- Following the deaths of four patients, Roche said in a statement sent to BioPharma Dive that it has "made a decision to temporarily halt recruitment in the MODUL Phase 2 signal seeking study for metastatic colorectal cancer" following a recommendation from an independent data monitoring committee. The study is assessing the combination of Tecentriq (atezolizumab) and Cotellic (cobimetinib) as maintenance treatment.
- The patient deaths were earlier reported in BioCentury, which said that just one was treatment related (cardiogenic shock); two followed on from disease progression and the other was undisclosed but unrelated to the treatment.
- Review of the safety data found no new safety findings compared with existing data. The decision to pause the study will not affect other trials involving the PD-L1 inhibitor Tecentriq and the MEK inhibitor Cotellic.
Combination therapeutics have long been the mainstay of cancer therapy, and immuno-oncology combo studies have raised hope for many patients, with around 500 combination trials of PD-1/L1 kicking off in 2017.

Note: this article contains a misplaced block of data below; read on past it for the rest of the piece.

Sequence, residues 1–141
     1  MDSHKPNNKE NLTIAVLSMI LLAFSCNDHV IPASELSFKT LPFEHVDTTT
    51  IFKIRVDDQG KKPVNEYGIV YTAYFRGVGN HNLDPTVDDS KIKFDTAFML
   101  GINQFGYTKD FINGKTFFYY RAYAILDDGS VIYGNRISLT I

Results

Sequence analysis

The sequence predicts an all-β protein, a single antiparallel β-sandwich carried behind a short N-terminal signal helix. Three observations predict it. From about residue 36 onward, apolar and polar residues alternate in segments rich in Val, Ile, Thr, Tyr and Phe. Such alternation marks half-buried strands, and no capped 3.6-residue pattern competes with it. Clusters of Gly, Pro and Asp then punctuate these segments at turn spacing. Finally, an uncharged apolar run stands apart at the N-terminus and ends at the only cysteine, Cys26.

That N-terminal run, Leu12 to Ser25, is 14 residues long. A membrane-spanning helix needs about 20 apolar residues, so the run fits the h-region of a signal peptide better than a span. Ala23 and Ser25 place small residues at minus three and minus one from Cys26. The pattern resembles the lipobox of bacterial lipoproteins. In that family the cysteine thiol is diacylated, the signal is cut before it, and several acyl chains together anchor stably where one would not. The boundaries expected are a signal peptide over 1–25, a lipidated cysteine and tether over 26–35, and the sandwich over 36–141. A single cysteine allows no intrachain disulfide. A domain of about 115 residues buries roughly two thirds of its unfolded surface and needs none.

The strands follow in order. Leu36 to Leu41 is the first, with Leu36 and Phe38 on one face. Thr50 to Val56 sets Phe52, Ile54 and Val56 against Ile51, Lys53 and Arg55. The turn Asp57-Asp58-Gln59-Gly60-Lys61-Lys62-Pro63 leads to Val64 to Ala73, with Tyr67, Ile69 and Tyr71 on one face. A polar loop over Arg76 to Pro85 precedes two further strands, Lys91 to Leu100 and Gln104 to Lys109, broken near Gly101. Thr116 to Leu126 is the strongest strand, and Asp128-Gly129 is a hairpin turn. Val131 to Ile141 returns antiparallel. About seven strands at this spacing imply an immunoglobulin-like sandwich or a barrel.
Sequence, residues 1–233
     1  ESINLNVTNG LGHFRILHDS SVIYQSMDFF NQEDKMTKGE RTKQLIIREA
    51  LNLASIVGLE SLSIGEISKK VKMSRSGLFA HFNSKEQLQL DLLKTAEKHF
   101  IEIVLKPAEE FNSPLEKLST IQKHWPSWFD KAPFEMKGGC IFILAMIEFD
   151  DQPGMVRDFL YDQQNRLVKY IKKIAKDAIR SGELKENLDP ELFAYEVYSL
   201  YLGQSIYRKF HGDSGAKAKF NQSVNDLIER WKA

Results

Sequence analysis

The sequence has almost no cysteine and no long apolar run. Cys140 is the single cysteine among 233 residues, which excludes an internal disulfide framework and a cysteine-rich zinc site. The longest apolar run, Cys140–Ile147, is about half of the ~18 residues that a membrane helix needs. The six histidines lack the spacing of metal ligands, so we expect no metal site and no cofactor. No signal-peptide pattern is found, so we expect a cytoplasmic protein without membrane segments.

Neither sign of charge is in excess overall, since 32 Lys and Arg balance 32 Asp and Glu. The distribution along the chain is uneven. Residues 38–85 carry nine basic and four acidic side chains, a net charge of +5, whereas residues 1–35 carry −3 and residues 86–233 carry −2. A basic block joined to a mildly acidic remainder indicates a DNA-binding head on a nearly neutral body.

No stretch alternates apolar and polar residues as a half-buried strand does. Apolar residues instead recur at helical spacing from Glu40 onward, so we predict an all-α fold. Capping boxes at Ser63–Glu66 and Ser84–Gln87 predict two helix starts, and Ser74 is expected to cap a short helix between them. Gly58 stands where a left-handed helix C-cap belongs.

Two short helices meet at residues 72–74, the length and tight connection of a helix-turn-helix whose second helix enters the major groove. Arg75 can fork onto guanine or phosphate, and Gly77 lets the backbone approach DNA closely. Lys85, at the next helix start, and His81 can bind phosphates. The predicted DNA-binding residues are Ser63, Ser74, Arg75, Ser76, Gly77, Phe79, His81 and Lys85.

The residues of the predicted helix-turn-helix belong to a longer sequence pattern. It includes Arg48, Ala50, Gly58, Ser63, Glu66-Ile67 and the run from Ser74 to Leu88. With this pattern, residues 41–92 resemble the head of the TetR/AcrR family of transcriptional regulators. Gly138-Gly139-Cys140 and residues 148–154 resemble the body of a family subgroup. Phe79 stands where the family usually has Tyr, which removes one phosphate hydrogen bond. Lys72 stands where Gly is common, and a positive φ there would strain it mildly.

However, combination studies can throw up unexpected adverse effects, and even though this study has apparently shown no new safety findings based on the review of the safety data for this cohort, the independent data monitoring committee has decided to call a halt.
Roche defended the study design.
"There is a scientific rationale for the combination and we have seen encouraging early efficacy data as well as a consistent safety profile in other settings, however as patient safety is our number one priority we are taking this proactive step to ensure we appropriately evaluate the combination in the maintenance setting," it said in a statement.
Roche remains in discussion with the IDMC, and will collaborate to determine the next steps for the MODUL trial. Other studies looking at the combination are unaffected. These include the IMblaze370 trial in third-line metastatic colorectal cancer. Topline results for this Phase 3 trial are expected in the first half of 2018.
The checkpoint inhibitor market is increasingly heavily contested, with five PD-1/L1 targeting drugs available in the U.S., and around forty following on at various stages in the pipeline. Tecentriq is currently approved for two indications, lagging behind Keytruda (pembrolizumab) and Opdivo (nivolumab).